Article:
The meshMarketplace provides users with a set of services they can spin up for their projects (i.e. databases, message brokers, filesystems, etc). Platform operators can connect any service that implements the Open Service Broker API to the marketplace and make it available to their users.
Using the marketplace, users can provision service instances (e.g. a database) and get connection information and credentials to use in their applications. This allows users to easily provision services for any application, independent of the hosting platform. For example, users can use the Mesh Markeptlace to share a message queue between an application deployed to IaaS and an application deployed to Cloud Foundry PaaS in the same project.
Service Brokers may offer one or more services, which may have one or more plans each. A service plan captures a variation of a service offering. Taking a MySQL service as an example, an “S” plan could offer 50GB of database storage whereas an “L” plan could offer 500GB. The Marketplace needs to provide a catalog of all available services and their various plans to the user. For this purpose, the Platform Marketplace periodically polls catalog information from registered Service Brokers and aggregates it.
Users never directly interact with a Service Broker. Instead, they manage service instances through the meshMarketplace. Users can provision service instances in the context of a Project through the Marketplace. When a user requests the provisioning of a new service instance, the marketplace makes a provisioning request to the service broker and attaches the returned service instance information to the user’s chosen Project.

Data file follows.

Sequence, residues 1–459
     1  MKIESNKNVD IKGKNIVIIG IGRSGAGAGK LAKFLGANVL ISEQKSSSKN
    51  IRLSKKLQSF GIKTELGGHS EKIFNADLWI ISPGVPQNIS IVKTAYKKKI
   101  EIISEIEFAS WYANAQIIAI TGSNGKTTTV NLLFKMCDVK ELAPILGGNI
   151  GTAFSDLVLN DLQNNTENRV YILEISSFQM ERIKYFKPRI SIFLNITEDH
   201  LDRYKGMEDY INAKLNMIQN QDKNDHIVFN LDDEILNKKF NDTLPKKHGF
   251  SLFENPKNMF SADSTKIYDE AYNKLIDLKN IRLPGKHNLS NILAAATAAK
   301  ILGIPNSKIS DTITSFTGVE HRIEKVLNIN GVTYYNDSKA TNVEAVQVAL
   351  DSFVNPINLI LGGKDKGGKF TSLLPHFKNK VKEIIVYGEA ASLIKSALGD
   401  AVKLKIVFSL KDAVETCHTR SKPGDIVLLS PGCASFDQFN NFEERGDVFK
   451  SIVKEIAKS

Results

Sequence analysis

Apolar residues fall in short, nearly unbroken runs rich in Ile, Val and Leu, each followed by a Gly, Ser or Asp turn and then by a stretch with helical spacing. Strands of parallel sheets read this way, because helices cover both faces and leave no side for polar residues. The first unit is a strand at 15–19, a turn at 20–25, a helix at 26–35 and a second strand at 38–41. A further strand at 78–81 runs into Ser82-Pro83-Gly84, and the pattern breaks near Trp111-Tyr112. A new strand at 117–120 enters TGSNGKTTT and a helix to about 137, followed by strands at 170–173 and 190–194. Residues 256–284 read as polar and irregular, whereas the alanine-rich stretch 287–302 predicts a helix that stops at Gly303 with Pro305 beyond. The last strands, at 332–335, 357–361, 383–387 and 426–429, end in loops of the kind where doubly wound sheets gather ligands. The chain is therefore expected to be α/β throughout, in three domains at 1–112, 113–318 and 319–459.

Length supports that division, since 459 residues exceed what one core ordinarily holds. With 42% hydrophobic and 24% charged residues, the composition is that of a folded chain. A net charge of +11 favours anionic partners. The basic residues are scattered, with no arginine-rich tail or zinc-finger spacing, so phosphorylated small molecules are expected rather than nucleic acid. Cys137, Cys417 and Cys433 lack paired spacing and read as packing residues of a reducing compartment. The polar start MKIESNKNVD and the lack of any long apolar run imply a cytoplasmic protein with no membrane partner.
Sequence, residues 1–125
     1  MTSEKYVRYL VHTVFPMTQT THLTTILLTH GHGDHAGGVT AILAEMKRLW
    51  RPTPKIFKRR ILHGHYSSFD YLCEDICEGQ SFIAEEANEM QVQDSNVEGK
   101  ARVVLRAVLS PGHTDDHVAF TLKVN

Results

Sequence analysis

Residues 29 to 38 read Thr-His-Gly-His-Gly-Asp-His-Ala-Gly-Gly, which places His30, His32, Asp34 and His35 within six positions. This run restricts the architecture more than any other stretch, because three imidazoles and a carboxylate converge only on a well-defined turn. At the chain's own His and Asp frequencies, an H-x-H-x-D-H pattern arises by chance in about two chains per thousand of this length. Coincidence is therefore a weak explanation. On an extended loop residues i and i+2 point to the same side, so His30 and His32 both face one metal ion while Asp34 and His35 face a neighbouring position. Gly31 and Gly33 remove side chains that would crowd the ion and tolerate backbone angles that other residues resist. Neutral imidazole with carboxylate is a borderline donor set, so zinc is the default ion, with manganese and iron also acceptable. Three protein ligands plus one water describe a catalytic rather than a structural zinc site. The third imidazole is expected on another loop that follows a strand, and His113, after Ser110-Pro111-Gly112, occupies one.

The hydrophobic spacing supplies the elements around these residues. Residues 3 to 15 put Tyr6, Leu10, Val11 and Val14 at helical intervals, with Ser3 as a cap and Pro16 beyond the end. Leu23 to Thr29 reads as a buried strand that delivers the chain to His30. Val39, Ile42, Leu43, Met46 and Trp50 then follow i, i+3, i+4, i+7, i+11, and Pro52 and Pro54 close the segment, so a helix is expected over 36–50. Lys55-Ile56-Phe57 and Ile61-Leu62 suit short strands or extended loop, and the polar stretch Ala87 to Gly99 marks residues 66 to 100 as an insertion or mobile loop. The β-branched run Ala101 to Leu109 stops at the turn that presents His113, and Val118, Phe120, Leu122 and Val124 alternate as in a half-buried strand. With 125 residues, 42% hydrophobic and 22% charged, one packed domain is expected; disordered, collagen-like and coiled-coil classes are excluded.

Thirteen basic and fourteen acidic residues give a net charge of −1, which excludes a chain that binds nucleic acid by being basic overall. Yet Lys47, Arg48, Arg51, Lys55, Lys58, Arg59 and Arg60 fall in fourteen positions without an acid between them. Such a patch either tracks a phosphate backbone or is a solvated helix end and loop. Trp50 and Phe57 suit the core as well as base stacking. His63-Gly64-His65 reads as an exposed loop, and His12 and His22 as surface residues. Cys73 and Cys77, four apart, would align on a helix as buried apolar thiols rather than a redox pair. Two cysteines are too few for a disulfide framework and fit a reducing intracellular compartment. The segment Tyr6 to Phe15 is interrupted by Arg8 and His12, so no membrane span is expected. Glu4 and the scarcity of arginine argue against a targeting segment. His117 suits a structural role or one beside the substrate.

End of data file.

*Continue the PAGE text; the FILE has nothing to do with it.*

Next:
A service broker is a component that creates an instance of a specific service and allows management of such service instances via the OSB API. An example would be a service broker for MariaDB services which allows you to request a MariaDB instance, potentially from a range of different sizes.
A service instance is a specific deployed service that you can include in your application, e.g. a database created by the service broker.
A service binding is a set of credentials you need to access your service instance, e.g. the connection string to access your database instance. Service bindings can come with an expiration in which case they will be deleted after a set amount of days.
The marketplace of a platform lists all service brokers available to you and allows you to inform yourself about available plans and request service instances to be used in your application.
Usually, you do not need to care where and how a service instance is deployed as long as its accessible via networks your deployment can connect to. For a more detailed classification of service provisioning models read this blogpost.
You can develop your own Service Broker and register it with the meshMarketplace. You can find further information here.